Critical Success Factors

April 9, 2009
The purpose of the Six Sigma projects is to make the company more efficient and competitive not to reduce their numbers.

Six Sigma experts agree on many of the critical factors for successfully implementing Six Sigma and the pitfalls that can lead to its failure:

Leadership: Initiatives such as Six Sigma require active and visible support from senior management. "As a leader, you have to put some of your skin in the game," says Hector Arcaya, director of the business process analytics team at consulting firm Point B. He says successful deployment requires resources and political capital, and that means support from the C-suite or from the head of a specific function who takes ownership of it.

Senior managers must communicate to employees that the purpose of the Six Sigma projects is to make the company more efficient and competitive not to reduce their numbers, says George Haley, a business professor at the University of New Haven.

Strategic Alignment: "We try to pick projects that will have the greatest impact on the business," notes Ellie Kemp, a Master Black Belt at machine tool manufacturer MAG G&L. No matter the size of a company, she points out, it needs to improve, and Six Sigma offers a proven process for continuous improvement. "If you follow the recipe and get the data, the data will tell you what to do."

The Right Personnel: "I tell Green Belts and Blacks Belts that as powerful as Six Sigma is, it doesn't improve anything," says Bob Rome, lean/Six Sigma manager for Miniature Precision Components (MPC), a molder and assembler of plastic components. "People make improvements." He says Black Belts and Green Belts need not only training in the Six Sigma methodology but also team leadership and communication skills so that they can shepherd these collaborative projects.

Measurement: "It is fair to expect business results from Six Sigma," says MPC's Rome. "Otherwise, there is no value being added." In developing projects, leaders state the business problem, outline project objectives, list the benefits and any associated hard savings and state how the savings will be calculated. "All of the savings we track are validated by our finance department," he adds.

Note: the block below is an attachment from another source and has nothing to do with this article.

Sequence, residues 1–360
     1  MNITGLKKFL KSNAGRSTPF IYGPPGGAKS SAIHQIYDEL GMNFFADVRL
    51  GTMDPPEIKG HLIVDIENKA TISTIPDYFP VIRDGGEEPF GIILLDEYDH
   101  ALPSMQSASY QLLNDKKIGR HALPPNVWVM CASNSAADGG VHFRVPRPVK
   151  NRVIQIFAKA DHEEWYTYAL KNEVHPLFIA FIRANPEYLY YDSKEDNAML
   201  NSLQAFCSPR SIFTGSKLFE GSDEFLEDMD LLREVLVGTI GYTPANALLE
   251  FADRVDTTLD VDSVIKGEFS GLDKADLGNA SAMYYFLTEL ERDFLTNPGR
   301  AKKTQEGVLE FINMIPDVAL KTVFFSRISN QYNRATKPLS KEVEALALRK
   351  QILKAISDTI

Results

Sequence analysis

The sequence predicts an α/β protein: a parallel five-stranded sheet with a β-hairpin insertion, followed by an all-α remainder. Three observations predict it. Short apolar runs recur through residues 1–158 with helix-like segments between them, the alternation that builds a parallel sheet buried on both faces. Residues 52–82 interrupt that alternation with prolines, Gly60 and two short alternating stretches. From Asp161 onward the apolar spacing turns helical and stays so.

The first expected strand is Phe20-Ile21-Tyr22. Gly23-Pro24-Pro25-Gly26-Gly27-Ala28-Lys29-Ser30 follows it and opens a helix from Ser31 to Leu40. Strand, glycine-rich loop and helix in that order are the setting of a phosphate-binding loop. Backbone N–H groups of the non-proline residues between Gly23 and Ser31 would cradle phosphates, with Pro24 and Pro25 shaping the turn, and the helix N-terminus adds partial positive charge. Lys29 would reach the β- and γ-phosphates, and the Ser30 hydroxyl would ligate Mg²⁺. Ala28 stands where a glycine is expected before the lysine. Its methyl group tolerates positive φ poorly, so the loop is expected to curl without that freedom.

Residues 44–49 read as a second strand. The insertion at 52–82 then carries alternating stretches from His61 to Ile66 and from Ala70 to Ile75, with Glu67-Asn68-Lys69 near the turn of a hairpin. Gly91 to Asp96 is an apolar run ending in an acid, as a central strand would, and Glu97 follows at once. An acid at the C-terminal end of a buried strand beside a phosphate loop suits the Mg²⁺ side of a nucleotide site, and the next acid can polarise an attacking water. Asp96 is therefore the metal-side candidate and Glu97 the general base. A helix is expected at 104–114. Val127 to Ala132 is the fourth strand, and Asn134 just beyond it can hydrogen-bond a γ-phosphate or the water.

In the end, say these experts, no one methodology such as Six Sigma holds the key to business success. "Six Sigma is just one of the tools that businesses should have in their portfolio for managing and executing their business," says Point B's Arcaya. "It is definitely a very useful tool if used appropriately but it is not a panacea."

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Steve Minter | Steve Minter, Executive Editor

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An award-winning editor, Executive Editor Steve Minter covers leadership, global economic and trade issues and energy, tackling subject matter ranging from CEO profiles and leadership theories to economic trends and energy policy. As well, he supervises content development for editorial products including the magazine,, research and information products, and conferences.

Before joining the IW staff, Steve was publisher and editorial director of Penton Media’s EHS Today, where he was instrumental in the development of the Champions of Safety and America’s Safest Companies recognition programs.

Steve received his B.A. in English from Oberlin College. He is married and has two adult children.

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